SEO – The First Step

For those who are new to Search Engine Optimisation find out how to get started on promoting your website on the internet. And learn why completing the first step thoroughly is so vital to a successful SEO campaign and high rankings in the search engines.

SEO is a process that cannot be rushed – indeed Google and the other major search engines treat a gradual improvement in a website’s search engine ranking position (“SERPS” ) as a positive factor in ranking highly. It indicates a natural growth of a website rather than one which is trying to manipulate the rankings. Unethical SEO methods, sometimes known as “black-hat” methods, can create rapid increases in search engine ranking position but the techniques that they use can be easily detected by the search engines and the results of such efforts are short-lived. They can even lead to penalties or black-listing by the search engines. This is why the majority of businesses accept that such methods are counter-productive.

The first step is to lay a strong foundation. Just as a house with a strong foundation will be stable and last a long time, so will an SEO campaign. The house analogy is also true for on-going maintenance. If you do not regularly maintain your SEO campaign then it will fall into dis-repair and start to deteriorate.

So how do you get started on ethical or “white-hat” search engine optimisation?

According to the Ditto Digital SEO consultancy the first step to successful SEO is Keyword Research and Analysis.

Many new business owners use brainstorming sessions to come up with an initial set of 5-15 keywords, which are usually phrases of 2 – 4 words in practise. They are phrases that they are familiar with but sometimes the people involved in a business are so close to the fine detail that they do not necessarily use the phrases that the average customer would use. Even if the business people are confident that they have the right keywords, some research and analysis, and possibly a technical SEO audit, can always be useful for coming up with some unexpected keywords. It is also critical in prioritising the keyword list by estimating traffic (i.e the number of expected visitors per month) and determining competition.

Keyword research can be performed by any number of tools and a good place to start is Google’s own keyword tool. However, this is heavily skewed towards Adwords Pay-per-click (PPC) users and inclined to suggest phrases with the highest advertisement revenue. The estimates of clicks per month are also very approximate. So it is worthwhile also trying another tool – many of them are free such as Yahoo! Search Marketing (previously known as Overture) and Good Keywords. Keyword tools can help with a more lateral approach to discovering keywords for a website’s target market.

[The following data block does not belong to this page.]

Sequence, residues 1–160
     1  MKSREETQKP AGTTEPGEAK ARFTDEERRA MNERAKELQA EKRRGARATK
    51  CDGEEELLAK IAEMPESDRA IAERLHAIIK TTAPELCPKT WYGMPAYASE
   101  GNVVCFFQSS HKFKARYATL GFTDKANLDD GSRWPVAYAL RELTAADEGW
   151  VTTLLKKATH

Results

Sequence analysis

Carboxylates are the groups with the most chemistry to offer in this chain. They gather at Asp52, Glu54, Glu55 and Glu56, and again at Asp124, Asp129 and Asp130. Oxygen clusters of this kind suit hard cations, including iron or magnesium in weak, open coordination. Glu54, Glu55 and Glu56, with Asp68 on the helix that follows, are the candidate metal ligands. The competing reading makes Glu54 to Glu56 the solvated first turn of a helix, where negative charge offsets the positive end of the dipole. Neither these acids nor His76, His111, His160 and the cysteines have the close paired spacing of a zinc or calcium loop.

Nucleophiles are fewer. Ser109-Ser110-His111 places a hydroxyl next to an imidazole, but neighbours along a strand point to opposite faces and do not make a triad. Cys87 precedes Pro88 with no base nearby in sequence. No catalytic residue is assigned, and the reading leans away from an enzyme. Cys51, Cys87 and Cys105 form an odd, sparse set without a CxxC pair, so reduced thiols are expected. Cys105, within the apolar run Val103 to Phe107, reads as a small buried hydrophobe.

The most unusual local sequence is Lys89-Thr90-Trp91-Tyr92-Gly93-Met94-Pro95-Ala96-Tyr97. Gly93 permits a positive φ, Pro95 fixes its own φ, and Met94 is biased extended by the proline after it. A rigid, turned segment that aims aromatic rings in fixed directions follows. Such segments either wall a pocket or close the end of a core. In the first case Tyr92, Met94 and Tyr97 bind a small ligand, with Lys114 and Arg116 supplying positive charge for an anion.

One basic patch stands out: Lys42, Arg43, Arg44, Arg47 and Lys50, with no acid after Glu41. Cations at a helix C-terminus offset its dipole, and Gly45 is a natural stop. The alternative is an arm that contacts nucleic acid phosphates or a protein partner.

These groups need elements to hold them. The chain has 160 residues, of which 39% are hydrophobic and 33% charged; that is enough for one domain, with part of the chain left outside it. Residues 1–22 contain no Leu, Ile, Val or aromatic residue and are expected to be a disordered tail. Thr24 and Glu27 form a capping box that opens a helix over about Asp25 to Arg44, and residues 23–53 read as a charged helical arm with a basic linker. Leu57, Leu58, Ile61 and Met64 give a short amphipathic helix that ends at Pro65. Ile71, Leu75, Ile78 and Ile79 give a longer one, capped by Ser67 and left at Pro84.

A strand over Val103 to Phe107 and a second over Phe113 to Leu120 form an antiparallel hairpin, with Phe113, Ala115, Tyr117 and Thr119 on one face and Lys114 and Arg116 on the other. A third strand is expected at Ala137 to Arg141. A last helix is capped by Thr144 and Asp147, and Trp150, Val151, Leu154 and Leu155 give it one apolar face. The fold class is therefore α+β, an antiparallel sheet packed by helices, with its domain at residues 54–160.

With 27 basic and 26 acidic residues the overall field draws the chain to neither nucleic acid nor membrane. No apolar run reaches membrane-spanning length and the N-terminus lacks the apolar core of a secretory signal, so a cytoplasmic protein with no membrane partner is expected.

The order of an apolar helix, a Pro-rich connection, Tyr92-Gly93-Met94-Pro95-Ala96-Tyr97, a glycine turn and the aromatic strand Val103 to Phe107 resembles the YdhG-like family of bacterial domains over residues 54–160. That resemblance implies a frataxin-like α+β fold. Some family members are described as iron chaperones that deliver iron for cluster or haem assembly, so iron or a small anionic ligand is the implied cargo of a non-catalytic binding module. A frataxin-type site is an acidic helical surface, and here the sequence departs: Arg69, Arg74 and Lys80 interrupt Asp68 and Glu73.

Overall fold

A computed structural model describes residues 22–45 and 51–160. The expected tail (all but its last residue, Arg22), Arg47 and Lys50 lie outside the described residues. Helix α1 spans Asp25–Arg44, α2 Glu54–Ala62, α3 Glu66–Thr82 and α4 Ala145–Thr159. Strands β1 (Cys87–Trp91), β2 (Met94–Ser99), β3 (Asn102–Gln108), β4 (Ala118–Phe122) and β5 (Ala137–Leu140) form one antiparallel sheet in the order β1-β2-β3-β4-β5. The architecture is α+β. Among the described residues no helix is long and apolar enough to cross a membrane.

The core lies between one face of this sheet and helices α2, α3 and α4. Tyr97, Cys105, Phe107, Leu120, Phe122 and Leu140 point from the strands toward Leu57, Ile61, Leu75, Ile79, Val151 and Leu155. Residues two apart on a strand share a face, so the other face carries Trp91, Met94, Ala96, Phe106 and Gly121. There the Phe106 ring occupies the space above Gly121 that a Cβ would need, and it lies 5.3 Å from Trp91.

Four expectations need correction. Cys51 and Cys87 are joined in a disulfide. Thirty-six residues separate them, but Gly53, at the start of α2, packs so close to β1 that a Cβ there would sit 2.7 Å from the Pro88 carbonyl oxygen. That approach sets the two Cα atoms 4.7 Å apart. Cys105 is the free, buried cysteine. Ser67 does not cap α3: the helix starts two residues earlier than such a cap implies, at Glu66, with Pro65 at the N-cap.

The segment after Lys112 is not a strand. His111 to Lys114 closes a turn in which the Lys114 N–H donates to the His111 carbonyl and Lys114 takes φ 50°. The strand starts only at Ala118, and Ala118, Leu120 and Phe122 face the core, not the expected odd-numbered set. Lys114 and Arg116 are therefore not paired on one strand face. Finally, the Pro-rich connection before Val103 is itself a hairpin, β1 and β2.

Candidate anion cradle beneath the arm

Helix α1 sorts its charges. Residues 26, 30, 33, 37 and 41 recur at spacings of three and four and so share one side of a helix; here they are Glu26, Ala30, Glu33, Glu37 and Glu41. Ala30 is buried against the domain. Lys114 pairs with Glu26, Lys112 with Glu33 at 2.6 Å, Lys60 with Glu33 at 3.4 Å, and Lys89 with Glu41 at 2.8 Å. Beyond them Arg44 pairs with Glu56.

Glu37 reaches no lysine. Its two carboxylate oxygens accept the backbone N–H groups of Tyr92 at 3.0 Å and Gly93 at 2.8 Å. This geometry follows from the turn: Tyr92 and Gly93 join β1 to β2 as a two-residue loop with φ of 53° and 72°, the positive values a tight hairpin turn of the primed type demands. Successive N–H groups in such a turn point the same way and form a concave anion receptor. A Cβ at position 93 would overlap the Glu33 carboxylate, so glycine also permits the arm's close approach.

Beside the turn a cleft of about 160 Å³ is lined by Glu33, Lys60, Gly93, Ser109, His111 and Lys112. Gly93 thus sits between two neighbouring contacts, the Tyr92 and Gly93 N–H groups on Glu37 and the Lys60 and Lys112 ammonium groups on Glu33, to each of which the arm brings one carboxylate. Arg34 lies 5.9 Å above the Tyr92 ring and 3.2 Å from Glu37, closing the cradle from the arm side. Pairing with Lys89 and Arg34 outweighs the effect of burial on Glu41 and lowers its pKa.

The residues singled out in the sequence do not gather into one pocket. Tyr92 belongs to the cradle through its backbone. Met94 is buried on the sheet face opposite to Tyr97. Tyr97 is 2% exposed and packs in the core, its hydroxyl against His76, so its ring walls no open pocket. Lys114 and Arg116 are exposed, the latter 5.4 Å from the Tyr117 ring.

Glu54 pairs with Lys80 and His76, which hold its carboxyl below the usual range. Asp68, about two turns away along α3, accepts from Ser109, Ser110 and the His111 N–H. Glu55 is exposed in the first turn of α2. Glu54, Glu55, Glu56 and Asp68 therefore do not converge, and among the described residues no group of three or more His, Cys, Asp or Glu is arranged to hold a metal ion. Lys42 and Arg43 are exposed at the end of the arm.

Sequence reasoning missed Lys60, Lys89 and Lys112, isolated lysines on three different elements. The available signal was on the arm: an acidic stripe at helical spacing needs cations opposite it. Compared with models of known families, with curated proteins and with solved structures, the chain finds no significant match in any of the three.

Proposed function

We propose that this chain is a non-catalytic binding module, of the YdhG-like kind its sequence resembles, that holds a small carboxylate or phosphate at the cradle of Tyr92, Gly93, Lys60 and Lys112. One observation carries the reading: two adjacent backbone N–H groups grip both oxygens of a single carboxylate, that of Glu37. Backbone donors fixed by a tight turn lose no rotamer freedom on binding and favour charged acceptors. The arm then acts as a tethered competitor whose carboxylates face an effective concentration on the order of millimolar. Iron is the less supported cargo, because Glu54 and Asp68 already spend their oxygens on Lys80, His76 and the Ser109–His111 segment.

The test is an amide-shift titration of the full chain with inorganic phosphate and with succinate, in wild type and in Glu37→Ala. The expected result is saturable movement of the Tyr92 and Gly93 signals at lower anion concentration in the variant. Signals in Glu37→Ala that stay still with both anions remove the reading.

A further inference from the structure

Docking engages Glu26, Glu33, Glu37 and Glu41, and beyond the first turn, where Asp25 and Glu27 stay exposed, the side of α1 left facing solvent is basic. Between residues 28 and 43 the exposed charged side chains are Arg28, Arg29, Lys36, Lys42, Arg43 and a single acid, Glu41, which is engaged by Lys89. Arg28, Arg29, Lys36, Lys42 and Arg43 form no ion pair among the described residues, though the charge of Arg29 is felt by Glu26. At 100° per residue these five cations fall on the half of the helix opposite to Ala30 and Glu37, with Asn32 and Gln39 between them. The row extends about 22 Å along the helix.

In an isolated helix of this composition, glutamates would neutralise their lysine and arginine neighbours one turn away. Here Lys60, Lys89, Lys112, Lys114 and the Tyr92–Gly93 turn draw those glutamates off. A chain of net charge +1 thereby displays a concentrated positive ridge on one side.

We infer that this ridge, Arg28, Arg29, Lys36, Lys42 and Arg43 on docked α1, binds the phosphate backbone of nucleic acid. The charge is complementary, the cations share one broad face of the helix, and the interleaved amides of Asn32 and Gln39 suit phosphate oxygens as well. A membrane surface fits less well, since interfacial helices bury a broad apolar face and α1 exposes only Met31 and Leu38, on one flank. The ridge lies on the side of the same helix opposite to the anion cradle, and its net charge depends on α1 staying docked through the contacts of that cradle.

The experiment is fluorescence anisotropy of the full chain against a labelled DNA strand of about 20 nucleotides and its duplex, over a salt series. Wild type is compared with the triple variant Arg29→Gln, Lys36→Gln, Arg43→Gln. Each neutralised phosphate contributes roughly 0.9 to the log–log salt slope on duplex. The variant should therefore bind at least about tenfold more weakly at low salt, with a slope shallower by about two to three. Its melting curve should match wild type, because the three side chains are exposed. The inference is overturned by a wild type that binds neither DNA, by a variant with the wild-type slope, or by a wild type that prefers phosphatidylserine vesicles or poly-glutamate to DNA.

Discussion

Typically a keyword tool works by allowing you to type in all of the keywords that have come out of the brainstorming session and will list estimates of the number of times that keyword (phrase) was typed in per month, both locally in your own country and globally, which is useful if you are targeting a worldwide audience. It is easy to get excited about the numbers when you first see them but remember that the results are estimates and include any phrase that was typed in that included your target phrase. For example if your target phrase is “kids toys” because you sell kids toys you will see all the results for people who types search terms such as “wholesale kids toys”, “sell kids toys”, “problems with kids toys” etc. So it is important that you narrow the results which, in the Google Keyword Tool can be done by selecting the “exact” option to show only those searches where people typed in the exact phrase “kids toys”.

This process will help to refine the list of keywords to target in a link building campaign by showing those with the most visitors per month in your target region. It is very often the case that the keywords with the most traffic will be those that are the most competitive i.e those for which most businesses want to appear on page one of the search engines.

The best approach for a small business SEO is to target a range of keywords from the most competitive through the medium traffic/medium competition keywords and also including some “long-tail” keywords. Long-tail keywords are those that contain 3 or more words and have very low traffic but are very specific so that the chances of converting the visitor into a paying customer are high. Long-tail keywords are a whole topic in their own right within the field of search engine optimisation and are covered in detail elsewhere.


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